Dad's jokes are always dumb, but all the men in suits who stand near him all the time always laugh anyway. They show all their teeth and clap Dad on the back and Dad smiles the smile that's never on any of his movie posters.

Right now, while all of them are standing by the outdoor pool, now's his chance to warn her. He slips off his shoes and runs to her room. "Mom," he pants, bursting in.

"Happy birthday, honey. Can you zip Mommy up?" She takes tiny little steps to turn around, exposing her back to him. The mermaid costume is shiny, blue and green and purple pearly scales, and tight, so she can't walk right. She looks small, like she's ten years old too, and he knows that he can save her.

"Mom, it's just a joke. Dad was just kidding. We're not getting dressed up as our favorite animals. You don't have to do this."

"Honey, zip Mommy up," she says like she didn't hear him, taking a long sip of a honey-colored drink and then holding her breath like she's fat or something.

His fingers close around the tab of the zipper. "You don't have to dress up for him," he tries again. "Just say the dress didn't fit or something." Dad's out there with lots of friends in suits just waiting to laugh. But he doesn't want to laugh at her. He wants to hear her laugh when she brings out a birthday cake and cuddles him close and sings "Happy Birthday" loud and off-key and ignores the video camera.

"Logan?" She leans back from the mirror. Her eyelashes are thick with mascara, and she's holding three lipsticks. "Sweetie, what's the matter?"

He looks at her reflection. "I don't want him making fun of you," he says. He pulls his sleeves down over his wrists as he looks away from the bright shape in the mirror.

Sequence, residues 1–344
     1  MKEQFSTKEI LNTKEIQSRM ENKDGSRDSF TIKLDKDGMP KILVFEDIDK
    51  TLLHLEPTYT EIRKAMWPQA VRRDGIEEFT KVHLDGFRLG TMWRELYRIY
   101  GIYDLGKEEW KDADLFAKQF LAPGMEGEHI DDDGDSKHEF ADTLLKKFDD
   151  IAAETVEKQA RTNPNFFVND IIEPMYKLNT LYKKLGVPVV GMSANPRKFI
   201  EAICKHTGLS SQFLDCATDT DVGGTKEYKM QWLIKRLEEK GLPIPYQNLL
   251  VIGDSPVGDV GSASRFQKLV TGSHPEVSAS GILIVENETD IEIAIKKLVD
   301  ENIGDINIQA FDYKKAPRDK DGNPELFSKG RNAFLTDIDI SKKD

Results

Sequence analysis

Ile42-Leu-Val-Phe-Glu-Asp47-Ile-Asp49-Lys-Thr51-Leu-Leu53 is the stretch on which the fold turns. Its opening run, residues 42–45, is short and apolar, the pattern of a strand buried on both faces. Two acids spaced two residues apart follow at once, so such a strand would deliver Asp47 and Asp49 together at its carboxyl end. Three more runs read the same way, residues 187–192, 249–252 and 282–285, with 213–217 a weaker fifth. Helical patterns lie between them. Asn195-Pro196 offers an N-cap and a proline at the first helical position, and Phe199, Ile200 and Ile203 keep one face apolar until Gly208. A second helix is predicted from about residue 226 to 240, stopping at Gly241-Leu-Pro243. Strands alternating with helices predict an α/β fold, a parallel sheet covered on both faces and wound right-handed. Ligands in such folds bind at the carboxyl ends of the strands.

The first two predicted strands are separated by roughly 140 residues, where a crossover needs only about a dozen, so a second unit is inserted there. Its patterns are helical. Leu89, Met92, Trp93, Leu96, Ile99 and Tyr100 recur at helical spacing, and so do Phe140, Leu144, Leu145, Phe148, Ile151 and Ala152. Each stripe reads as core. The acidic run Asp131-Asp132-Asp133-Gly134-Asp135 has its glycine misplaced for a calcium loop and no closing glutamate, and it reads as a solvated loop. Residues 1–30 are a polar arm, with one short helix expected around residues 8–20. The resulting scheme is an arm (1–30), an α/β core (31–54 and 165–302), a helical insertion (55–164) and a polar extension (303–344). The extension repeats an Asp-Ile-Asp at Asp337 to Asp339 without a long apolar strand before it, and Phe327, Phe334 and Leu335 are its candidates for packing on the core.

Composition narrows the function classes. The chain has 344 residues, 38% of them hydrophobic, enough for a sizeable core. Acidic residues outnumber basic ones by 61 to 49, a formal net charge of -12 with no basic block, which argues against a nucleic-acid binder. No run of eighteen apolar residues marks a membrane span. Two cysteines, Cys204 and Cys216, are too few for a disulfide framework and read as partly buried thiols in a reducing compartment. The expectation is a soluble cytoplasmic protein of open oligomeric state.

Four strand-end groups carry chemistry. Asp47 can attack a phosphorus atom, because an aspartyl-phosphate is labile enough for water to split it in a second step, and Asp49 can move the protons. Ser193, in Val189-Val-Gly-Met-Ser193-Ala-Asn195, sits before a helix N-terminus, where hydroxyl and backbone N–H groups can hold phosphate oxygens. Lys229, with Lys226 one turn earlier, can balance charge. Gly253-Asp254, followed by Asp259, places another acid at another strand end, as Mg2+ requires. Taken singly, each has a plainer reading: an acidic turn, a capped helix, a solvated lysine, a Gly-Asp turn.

"Honey, you know how Mommy has to dress up for work, right?"

He rolls his eyes. "I'm not a baby, Mom. And it's called 'wardrobe.'"

"Sorry, kiddo," she smiles, and he can smell perfume on her warm skin when she cups his cheek. "Okay, so sometimes I have to dress up for work. And sometimes I dress up because I'm going somewhere nice, or because I feel like it. Right? Nothing wrong with liking pretty things, right?" She waves one hand around her bedroom like this is the first time all the lace and silk has become visible. The smile slips off her face and she does up the zipper herself. "But sometimes, baby, I dress up because it's what your father wants."

"But do you want it?" That's what he doesn't get. The way she's putting herself together today is like a knight putting on his armor. She swallows the rest of her drink.

"I want your father to be happy, Logan," she says, turning back around to the mirror and starting to apply the darkest lipstick. He hands her a tissue and she blots and leaves it crumpled on the vanity. She fluffs up her hair, steps into her heels, and faces him again, smiling the smile that's on all of her movie posters. "Now, how do I look?"

He looks up at her. "You look great, Mom," he whispers.